The second method of selecting what to read…is, of course, reading a new book by a favorite author. Often if I like one book in the series, I go on to read the whole series. But for my next choice, I just went with a favorite author who has a new book out.

The human DivisionSo, The Human Division by John Scalzi is my second choice.

Besides, I wanted to add military science fiction to the list as it’s a popular genre with my readers. Also, Scalzi has great humor and action. Every book I’ve read of his, I have enjoyed.

No brainer

Lists are a third way people often select what they read. So I went to Goodreads, Amazon and Google to look at what books are making the 2013 most popular science fiction lists.

Time bound by Rysa Walker struck my fancy because of the subject matter. Also, she won Amazon’s breakout novel award for 2013. Not a bad list to be on. Here is a new author, that is number four on Amazon’s science fiction best selling list and sounds like something I might like. Timebound

Getting onto a top selling list is crucial if an author wants to sell a lot of books. Unfortunately, it can be a matter of serendipity. Somehow the story gets the attention of a few readers in a sector, and then a few more, as the word spreads. Next thing that author jumps into a top one hundred list and that propels the book forward. The more lists, the more readers, the more sales. People do check what everyone else is reading. And people love to make lists and share what they like.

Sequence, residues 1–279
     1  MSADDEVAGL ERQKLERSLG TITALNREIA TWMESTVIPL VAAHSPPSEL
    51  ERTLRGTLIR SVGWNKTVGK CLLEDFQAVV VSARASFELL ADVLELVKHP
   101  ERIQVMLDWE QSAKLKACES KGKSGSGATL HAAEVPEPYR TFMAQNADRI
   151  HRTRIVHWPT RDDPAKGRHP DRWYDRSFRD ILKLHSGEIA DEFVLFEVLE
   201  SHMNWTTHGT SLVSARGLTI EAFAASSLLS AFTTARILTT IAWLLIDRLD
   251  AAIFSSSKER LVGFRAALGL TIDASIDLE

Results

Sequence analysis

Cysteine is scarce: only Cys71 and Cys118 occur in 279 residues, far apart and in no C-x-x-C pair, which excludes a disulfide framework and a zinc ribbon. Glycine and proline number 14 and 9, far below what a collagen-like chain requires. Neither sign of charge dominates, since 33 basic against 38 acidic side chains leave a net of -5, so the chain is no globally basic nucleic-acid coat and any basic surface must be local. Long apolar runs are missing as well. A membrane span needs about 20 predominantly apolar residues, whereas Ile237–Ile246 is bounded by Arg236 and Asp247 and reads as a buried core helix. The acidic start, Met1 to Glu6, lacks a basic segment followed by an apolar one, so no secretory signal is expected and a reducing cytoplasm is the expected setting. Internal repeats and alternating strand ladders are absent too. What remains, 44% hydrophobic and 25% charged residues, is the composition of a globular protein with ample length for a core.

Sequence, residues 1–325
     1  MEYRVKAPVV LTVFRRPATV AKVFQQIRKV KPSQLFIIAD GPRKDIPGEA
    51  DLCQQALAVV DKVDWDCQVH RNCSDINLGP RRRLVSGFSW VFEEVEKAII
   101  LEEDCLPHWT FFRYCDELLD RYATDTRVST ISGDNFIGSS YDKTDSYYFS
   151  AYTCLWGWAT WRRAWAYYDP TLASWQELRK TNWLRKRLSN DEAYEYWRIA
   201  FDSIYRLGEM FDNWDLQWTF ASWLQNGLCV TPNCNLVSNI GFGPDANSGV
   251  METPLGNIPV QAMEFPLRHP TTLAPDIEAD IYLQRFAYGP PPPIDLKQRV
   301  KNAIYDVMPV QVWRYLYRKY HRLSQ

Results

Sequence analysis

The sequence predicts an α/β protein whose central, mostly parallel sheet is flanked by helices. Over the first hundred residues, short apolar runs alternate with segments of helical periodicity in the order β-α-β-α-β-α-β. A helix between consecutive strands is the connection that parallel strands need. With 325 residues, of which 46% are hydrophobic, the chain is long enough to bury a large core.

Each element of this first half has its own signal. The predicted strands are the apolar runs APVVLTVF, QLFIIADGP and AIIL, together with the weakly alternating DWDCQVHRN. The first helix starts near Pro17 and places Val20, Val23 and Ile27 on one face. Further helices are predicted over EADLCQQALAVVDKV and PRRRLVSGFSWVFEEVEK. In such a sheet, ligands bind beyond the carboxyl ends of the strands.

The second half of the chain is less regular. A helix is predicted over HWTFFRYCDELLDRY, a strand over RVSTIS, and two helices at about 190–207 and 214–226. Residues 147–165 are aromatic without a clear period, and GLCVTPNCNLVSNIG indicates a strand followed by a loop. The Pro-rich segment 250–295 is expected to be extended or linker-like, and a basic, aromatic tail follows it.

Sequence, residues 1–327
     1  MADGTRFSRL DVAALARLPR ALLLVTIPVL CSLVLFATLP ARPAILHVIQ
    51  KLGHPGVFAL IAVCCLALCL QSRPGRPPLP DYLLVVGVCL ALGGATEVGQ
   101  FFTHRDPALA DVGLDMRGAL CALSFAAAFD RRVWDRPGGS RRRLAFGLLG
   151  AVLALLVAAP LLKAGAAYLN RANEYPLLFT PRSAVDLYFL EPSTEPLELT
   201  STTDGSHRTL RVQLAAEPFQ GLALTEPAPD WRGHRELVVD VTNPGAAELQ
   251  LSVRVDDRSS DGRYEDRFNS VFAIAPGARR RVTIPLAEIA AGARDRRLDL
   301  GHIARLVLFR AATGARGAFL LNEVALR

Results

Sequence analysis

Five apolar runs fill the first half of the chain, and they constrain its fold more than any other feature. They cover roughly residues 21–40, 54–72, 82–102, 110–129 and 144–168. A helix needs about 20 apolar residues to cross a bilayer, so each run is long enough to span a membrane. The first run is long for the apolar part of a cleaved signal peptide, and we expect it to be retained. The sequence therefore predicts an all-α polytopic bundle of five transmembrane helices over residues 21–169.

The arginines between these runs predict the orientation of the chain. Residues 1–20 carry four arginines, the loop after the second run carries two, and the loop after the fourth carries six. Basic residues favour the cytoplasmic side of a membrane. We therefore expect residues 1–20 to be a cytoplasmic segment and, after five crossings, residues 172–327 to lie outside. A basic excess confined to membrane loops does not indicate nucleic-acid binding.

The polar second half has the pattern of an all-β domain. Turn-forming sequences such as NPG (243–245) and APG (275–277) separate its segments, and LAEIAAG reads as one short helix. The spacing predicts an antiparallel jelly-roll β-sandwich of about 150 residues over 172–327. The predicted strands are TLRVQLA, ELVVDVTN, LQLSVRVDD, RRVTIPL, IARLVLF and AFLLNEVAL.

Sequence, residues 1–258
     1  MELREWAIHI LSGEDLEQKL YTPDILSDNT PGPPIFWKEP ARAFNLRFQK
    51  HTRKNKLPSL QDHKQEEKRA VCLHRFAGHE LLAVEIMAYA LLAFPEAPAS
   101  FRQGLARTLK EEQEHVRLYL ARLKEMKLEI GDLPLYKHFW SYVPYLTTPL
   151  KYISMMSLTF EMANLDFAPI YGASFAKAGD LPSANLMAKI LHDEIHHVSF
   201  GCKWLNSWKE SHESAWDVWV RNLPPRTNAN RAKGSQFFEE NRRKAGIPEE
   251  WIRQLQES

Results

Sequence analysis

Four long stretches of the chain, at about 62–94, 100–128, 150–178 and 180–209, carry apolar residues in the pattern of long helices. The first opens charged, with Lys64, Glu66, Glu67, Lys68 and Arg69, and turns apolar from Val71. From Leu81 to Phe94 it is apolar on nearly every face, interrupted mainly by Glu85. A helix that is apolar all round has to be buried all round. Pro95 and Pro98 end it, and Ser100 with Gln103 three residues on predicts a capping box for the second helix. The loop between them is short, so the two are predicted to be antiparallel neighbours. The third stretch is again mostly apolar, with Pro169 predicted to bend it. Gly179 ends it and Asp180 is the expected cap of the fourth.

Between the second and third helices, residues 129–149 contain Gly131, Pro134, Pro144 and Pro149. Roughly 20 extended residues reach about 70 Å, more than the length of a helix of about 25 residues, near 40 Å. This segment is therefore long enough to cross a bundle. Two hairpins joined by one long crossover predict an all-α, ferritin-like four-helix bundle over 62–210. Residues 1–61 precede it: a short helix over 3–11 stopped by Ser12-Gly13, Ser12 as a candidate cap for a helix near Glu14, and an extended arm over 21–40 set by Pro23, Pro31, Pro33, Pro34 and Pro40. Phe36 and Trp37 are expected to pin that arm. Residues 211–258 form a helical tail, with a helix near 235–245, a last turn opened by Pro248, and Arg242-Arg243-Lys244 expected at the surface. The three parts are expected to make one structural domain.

So that brings me to number four, which is reviews and story summaries. Once a reader decides he wants to find a book, he may gather several titles that pique his interest. In deciding how to narrow his choices down, he looks first at the cover and then, the story blurb. What is the story about? Does it sound interesting?

I found Reality Check on a list and also under “if you like this, then you’ll like…”Reality Check

I am not a YA reader, but I will cross that line if the story sounds compelling. So a compelling story blurb is important if you want to appeal to readers. Three young adults leaving Earth for various reasons and starting out on a new world appealed to me. So I read the reviews, which for the most part were very positive.

A word on reviews…

I don’t think there’s a book in existence that hasn’t had at least one troll give it a poor review. Even the Bible probably has a review that criticizes the continuity of plot, or lack of depth to certain characters. People have opinions and some give opinions when in a poor frame of mind. That’s life.

However, I do read reviews and consider the comments…and so do a lot of people when making their selections. Time and money is too precious to waste on an awful book and reviews give guidance by people sharing their opinions on what they liked and didn’t like. Taste does vary, but a really good book, one worth reading, often has a majority of readers that like it. So good reviews are important.

The Snow QueenAnd last for this group, The Snow Queen by Joan Vinge. I read this long ago and really liked it. I’m now working on my next novel, Someone’s Clone that uses the viewpoint of a clone. So, I want to revisit this book because of the subject matter.

And that is my fifth reason for selection. Subject matter. If you like time travel, you gravitate towards that. If you like military scifi, that’s where you head. You may wander off course occasionally to try new pastures, but usually the reader will return to his favorite subject matter, and for me that usually means science fiction.